One chapter ending, another just beginning. Celebrating the end of a dizzyingly bizarre year with a simple gesture via our Christmas card was quite cathartic. And looking ahead is now so very satisfying.
My mini electric eel wheel has allowed me to explore spinning up yarns this year. With a variety of fibers, I’ve been able to explore very fine barber pole yarns to chain-plied long run color transitions.
On Panguna, Keluar deliver an inspired combination of the exotic exuberance of 80’s synth-pop and classic, hard-edged EBM. But unlike many of the recent retro-electro throwbacks, this one sounds exotic, somewhat mysterious, a little bit dangerous, and – dare I say – fun.
Keluar manages to capture the mysterious, globe-trotting themes of so many 80’s synth-pop hits. Here, I’m thinking specifically of Duran Duran. The tracks carry the torch of classics like ““Rio”, “Hungry Like the Wolf” or “Wild Boys” to foreign lands and destinations unknown. And the lyrics pair nicely with the sultry, emotive delivery of vocalist Zoe Zanias.
But where the choruses on those 80’s hits can veer straight into middle-of-the-road, crowd-pleasing purgatory, Keluar instead ground the songs securely in the darker BPMs of classic electronic body music like Front 242 or BiGod 20. Really, the tracks on Panguna could best be summed up as “Wild Boys” meets “Headhunter” meets “The Bog”. Darker Duran Duran or lighter Front 242. No other description necessary, really.
Even as a fan of so much new music these days, rarely does a track excite and surprise as much as the title track. Everything here is interesting, complex, fresh and mysterious. When I put this on, I’m reminded of that rush of excitement you’d get when the DJ would put on an epic synth 12” to crush the dancefloor. One of those rare tracks that would get everyone moving, not just the electroheads.
An added bonus, here, is the addition of a Hacker remix of the title track. It’s an outright banger that delivers by smoothing things out with a roiling synth line and taut, crisp beats that crack like whip.
They tried to tame you, looks like they’ll try again.
On March 29, Kurt printed a variation of an old design that had been sitting dormant and neglected, having never seen the light of day. Until now! It felt like a good way to start off 2020 and a much-needed bright spot during these otherwise unusual days. The edition features a randomized mix of colors in a tight edition of 19. All signed, dated, and numbered.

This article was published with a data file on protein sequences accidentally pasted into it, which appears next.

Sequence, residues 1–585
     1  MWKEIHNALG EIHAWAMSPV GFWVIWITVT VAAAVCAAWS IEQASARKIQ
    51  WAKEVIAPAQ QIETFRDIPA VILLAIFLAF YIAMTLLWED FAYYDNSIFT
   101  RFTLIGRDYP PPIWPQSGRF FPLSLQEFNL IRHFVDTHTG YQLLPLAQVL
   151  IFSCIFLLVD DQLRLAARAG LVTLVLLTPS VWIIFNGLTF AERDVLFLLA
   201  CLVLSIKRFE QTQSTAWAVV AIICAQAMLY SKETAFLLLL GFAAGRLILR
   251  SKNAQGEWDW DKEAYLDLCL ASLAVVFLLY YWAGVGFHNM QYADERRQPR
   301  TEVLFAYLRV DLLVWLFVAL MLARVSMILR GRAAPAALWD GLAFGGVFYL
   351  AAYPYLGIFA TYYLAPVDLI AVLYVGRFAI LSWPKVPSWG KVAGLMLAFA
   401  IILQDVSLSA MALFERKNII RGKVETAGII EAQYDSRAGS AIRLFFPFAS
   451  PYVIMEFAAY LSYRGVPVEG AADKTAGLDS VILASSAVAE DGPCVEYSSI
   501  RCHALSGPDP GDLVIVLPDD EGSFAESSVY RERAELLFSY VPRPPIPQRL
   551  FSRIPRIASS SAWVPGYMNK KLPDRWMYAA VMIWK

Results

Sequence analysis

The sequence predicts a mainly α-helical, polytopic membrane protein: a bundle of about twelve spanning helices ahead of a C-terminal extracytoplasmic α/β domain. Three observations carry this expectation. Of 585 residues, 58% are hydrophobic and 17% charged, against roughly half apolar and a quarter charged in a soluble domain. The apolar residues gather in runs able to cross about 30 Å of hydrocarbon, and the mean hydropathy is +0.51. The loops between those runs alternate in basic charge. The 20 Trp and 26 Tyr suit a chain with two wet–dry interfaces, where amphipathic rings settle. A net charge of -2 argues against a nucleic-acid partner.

Somehow never got around to posting this little gem from 2019. Another one that was years in the making and finally wrapped up late last year. Four colors on mustard yellow stock. In the shop if you want it.
Bing & Ruth, the project of New York-via-Kansas composer David Moore, delivers ambient compositions centered on piano; instrumental pieces that manifest themselves in sounds that coalesce and slowly swarm and overwhelm. Ethereal compositions like “Starwood Choker” wash over in waves, swelling into a near-droning white noise that leaves you disoriented and kind of numb. These moments mostly reach a point where you have no choice but to sit back, surrender and find solace in your own head. Yet in an instant, Moore can pull out the tide and leave you beached amid the white space of a spare composition like “To All It.” Either way, it’s a good place to be. The world around us can be needlessly loud, nagging and overbearing. Retreating into the embrace of something warm and calm and ambiguous is often necessary to simply carry on. Moore carves out the space and conditions perfect for contemplation, inviting you in to contribute your own thoughts and feelings.
For us, No Home of the Mind is the perfect soundtrack to a calm, cold, quiet winter walk in the woods. In my mind, the day is still and the sun has nearly set. It’s not yet twilight, but will be soon. The cold air numbs your face and it’s getting hard to see, but the scene is so peaceful that you can’t yet bear to break the spell. Interestingly, I’m reminded of the painting February by William Trost Richards, a work in the collection of the Pennsylvania Academy of the Fine Arts. To my eyes, it perfectly captures the atmosphere of the album, for much like a moment connecting with nature, this is a soundtrack that revels in simplicity and beauty and rewards you for paying attention and just being there.
A long overdue “thank you” for a stellar Cherokee Heights Arts Festival 2019! I got to spend the day with this lovely lady and a steady stream of art lovers that didn’t let up all day long. We had our best year yet! The planning committee and roadies did a superb job of making this a seamless and memorable experience (as always). Great music, food, drinks, and crowds with the most artists participating in fest history! We’re excited to see the momentum and enthusiasm for CHAF continue to grow while being a part of it all. We’ll see you there next year!